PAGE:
The National Center for Medical-Legal Partnership was awarded a 3-year National Cooperative Agreement (NCA) from the U.S. Health Resources and Services Administration (HRSA) to cultivate and support medical-legal partnerships at community health centers across the country. The award comes with $300,000 in grant funds per year.
Medical-legal partnerships (MLP) bring together civil legal aid agencies and law schools with healthcare institutions to integrate legal care into the delivery of healthcare and treat individuals’ health-harming social and legal needs related to housing, insurance, benefits and education. Legal and healthcare professionals at MLPs also work together to identify and improve policies and laws that affect community health. There are currently MLPs at 112 health centers across the United States, and an additional 119 partnerships at hospitals.
“We know that unmet social needs have a significant impact on people’s health and well-being,” said Joel Teitelbaum, co-Principal Investigator of NCMLP. “This award recognizes that addressing these needs through civil legal aid as part of primary care can help build healthier communities.”
The three-year award from HRSA, a division of the U.S. Department of Health and Human Services, designates NCMLP as a technical assistance center for health centers. NCMLP will develop toolkits and provide trainings that help health centers develop and sustain medical-legal partnerships.
“Health centers and legal aid offices have been coordinating care for fifteen years,” said Ellen Lawton, co-Principal Investigator of NCMLP, “but this award signals an important recognition by the healthcare community of the role legal care can play in promoting and protecting health. We are grateful to HRSA for recognizing the important role medical-legal partnership can play in fulfilling the mission of health centers.”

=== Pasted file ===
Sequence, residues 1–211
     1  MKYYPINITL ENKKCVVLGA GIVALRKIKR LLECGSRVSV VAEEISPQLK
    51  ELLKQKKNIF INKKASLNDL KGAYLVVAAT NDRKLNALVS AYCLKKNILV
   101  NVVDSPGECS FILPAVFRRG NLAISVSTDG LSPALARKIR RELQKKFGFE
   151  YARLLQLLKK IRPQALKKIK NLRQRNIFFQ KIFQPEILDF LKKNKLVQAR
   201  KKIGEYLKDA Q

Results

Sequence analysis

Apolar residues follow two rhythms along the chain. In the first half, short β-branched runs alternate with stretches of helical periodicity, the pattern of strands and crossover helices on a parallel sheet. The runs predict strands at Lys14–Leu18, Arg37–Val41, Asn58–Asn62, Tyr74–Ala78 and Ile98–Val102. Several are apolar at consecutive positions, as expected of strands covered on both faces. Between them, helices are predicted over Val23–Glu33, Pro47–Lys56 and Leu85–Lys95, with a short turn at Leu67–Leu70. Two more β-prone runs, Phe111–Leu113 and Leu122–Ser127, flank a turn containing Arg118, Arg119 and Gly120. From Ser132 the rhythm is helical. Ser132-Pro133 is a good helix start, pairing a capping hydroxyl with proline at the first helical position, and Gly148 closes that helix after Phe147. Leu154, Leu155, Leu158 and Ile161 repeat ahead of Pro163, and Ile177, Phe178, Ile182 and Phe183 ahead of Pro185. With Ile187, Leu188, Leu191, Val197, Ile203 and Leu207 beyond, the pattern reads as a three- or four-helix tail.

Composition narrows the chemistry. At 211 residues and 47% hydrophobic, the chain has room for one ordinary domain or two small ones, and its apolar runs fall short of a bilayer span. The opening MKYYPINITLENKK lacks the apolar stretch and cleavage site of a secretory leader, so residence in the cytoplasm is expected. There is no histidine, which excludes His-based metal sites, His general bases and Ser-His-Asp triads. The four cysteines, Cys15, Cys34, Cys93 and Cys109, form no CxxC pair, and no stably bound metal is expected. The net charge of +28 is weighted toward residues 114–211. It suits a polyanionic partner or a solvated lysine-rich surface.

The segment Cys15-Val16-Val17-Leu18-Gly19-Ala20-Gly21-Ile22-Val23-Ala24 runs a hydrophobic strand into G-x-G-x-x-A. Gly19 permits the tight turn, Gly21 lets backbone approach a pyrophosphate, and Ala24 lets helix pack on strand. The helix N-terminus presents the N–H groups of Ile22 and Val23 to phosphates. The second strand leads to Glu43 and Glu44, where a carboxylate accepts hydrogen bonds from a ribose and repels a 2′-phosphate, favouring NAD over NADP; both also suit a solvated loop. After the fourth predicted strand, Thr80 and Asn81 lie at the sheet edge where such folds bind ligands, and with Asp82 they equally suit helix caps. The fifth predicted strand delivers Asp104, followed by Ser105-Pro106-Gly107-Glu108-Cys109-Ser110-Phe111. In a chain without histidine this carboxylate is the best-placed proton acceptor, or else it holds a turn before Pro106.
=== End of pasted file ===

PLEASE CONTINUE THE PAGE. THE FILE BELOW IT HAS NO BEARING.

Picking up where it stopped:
National Cooperative Agreements provide national organizations grant funds to help federally qualified health centers and look-alike health centers meet program requirements and improve performance to provide better patient care. Grantees become technical assistance centers that support program development and conduct national analyses around vulnerable and underserved populations. Fifteen additional organizations were awarded NCAs:
- Association of Asian Pacific Community Health Organizations
- Association of Clinicians for the Underserved
- Capital Link
- Community Health Partners for Sustainability
- Corporation for Supportive Housing
- Farmworker Justice
- Health Outreach Partners
- Migrant Clinicians Network
- National Association of Community Health Centers
- National Center for Farmworker Health
- National Center for Health in Public Housing
- National Health Care for the Homeless Council
- National LGBT Health Education Center
- School-Based Health Alliance